(From the epiglottis)
[Number whatever in the Bollywood Movie Reviews]
So. The Chicken Goddess and I, as has been mentioned before, were thrilled about seeing My Name Is Khan.
Oh, were we in for a surprise.
First, let me say that we have no issues with SRK or Kajol; as usual, they were charming and delightful to watch. They can make a film a year together for the rest of always. That’d be okay. (It would also be okay if SRK keeps posting photos of himself and his kids to his twitter stream, because he’s completely charming and adorable. He can also keep making guest appearances anywhere he wants, also because he’s completely charming and adorable. So is Kajol, but in a more understated, less public way.)
Allow us to sum up.
[WARNING: Contains ALL plot spoilers and represents strong opinions through the use of hyperbole and sarcasm. You may choose to read or not, but consider yourself warned before reading.]
There’s this guy. His name is Rizvan Khan. Kkkkkkhhhhhaaaaaan. He has Asperger’s Syndrome. His brother hates him and resents that his mother spends more time with him. So his brother moves to America and then tries to get Rizvan and his mother to move, only the mother dies so Rizvan moves to America. And to make money, he gets a job doing something really great and non-uncomfortable for someone with Aspergers – he is a salesman! selling products to people at loud hair salons! human interaction! perfect!
So, anyway. Then he meets this hot hairstylist (Kajol) who has a son and he falls in love and convinces her to marry him, you know, like you do, and they have sex because he read how to do it in a book. You know, like you do.
And then comes 9/11. Shit hits the fan, metaphorically speaking. Mandira loses her shop and a seemingly unrelated Sikh takes off his turban and cuts his hair and the Secret Brotherhood of White Men kills Mandira’s son with a soccer ball. Let me tell you, we felt like a couple of blue-eyed devils after this scene. Mandira is upset and tells Rizvan to go tell President Bush “My name is Khan and I’m not a terrorist.” Because he is a literalist, he goes on a quest to do this.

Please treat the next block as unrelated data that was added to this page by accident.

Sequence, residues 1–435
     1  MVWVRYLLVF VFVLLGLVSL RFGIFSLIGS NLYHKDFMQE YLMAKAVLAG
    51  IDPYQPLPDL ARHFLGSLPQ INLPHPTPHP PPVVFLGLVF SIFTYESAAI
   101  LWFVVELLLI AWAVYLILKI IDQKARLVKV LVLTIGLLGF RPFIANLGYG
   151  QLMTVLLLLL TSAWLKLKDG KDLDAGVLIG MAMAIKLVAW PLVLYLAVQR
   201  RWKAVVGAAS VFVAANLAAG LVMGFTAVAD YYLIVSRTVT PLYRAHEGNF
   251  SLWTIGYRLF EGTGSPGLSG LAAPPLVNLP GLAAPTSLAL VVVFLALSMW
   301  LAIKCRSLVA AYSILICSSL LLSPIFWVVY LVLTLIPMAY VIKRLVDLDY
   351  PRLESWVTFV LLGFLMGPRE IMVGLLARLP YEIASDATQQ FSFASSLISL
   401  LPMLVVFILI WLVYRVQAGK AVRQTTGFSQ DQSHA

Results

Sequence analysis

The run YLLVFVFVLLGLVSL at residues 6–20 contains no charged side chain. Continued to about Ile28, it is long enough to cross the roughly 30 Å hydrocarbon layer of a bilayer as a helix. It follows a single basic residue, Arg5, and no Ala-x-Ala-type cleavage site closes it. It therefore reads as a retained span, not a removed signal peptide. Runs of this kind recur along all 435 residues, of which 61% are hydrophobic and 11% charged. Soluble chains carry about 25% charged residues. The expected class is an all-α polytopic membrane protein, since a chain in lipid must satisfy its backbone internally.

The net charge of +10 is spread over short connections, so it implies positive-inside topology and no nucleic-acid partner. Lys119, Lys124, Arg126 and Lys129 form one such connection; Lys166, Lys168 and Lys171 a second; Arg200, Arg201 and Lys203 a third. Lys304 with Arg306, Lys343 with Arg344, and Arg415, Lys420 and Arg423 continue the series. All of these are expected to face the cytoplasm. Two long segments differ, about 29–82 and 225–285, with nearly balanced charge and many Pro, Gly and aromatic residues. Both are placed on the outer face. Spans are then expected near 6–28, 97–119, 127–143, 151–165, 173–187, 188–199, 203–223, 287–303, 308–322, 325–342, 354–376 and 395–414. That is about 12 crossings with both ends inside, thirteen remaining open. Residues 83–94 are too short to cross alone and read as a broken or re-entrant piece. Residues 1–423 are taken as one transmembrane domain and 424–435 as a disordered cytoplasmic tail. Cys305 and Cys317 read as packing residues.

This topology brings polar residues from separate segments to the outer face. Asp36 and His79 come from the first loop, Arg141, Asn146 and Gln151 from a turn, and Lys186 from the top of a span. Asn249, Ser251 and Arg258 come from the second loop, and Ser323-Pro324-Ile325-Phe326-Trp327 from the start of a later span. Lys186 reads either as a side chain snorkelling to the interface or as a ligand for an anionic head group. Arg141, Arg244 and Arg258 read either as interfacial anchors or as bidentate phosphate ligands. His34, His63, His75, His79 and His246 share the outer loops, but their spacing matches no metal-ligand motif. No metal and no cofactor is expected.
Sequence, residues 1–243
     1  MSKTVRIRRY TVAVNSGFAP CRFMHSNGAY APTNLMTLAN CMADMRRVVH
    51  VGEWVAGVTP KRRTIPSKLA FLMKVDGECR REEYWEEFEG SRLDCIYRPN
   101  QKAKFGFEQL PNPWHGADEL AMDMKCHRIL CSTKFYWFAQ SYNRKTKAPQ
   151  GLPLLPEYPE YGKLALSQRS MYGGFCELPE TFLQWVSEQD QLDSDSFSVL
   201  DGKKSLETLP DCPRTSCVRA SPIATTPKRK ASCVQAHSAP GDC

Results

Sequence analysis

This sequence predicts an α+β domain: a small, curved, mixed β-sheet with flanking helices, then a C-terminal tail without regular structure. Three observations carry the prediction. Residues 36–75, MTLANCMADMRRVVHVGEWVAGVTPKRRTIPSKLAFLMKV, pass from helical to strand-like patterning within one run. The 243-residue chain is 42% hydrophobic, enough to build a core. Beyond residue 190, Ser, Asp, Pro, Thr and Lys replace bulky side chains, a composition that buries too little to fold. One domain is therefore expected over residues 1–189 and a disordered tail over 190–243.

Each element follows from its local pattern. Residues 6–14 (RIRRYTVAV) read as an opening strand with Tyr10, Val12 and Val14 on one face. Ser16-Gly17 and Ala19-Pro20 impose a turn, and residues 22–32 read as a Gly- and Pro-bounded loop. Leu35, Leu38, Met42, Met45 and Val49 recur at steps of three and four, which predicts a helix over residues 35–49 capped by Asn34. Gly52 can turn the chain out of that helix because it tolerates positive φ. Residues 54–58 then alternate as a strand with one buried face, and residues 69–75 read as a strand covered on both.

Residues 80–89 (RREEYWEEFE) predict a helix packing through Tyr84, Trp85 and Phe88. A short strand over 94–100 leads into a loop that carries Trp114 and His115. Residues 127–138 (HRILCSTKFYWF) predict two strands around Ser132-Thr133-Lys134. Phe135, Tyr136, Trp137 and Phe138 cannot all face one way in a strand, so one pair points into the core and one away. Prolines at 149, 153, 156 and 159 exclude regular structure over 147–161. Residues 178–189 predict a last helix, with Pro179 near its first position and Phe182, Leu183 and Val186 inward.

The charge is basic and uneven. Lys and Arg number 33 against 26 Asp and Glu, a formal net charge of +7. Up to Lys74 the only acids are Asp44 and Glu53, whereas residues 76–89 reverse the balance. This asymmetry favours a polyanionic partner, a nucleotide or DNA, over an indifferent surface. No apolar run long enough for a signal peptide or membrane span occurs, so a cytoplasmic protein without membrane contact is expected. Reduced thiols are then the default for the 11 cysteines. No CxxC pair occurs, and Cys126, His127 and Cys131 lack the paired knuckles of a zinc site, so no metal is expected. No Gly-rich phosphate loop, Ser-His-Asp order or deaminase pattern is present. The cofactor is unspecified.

On the way, he goes from Kentucky to Georgia by way of New Mexico (they’re next to each other, you know), and all of a sudden the movie turns into the Song of the South, featuring Mama Jenny and Funny-Haired Joe. (aaaaaaaugh – is this serious? really? “You are now leaving reality. Please keep your seat backs and tray tables in the upright and locked position.” Yeesh.)
At this point we were both thinking, Please don’t go back to Georgia! Pleeeeease.
Oh, was were we ever wrong. We’ll get to that later, though.
He makes it to see President Bush, only he yells “I’m not a terrorist” around white people, who obviously hear “terrorist” (white people! overreact!) and he gets arrested, after which he spends lots of time in a cell being alternately hot and cold, tortured by a very theatrical government agent. Some enterprising young Indian reporters have gotten footage of the rally and want to tell Rizvan’s story. None of the evil and uncaring American reporters will listen! But they find a sympathetic Sikh television anchor who agrees to help them after they shame him for giving up his turban post 9/11 (remember the seemingly unrelated scene? surprise! related!) and lo, Rizvan is sprung!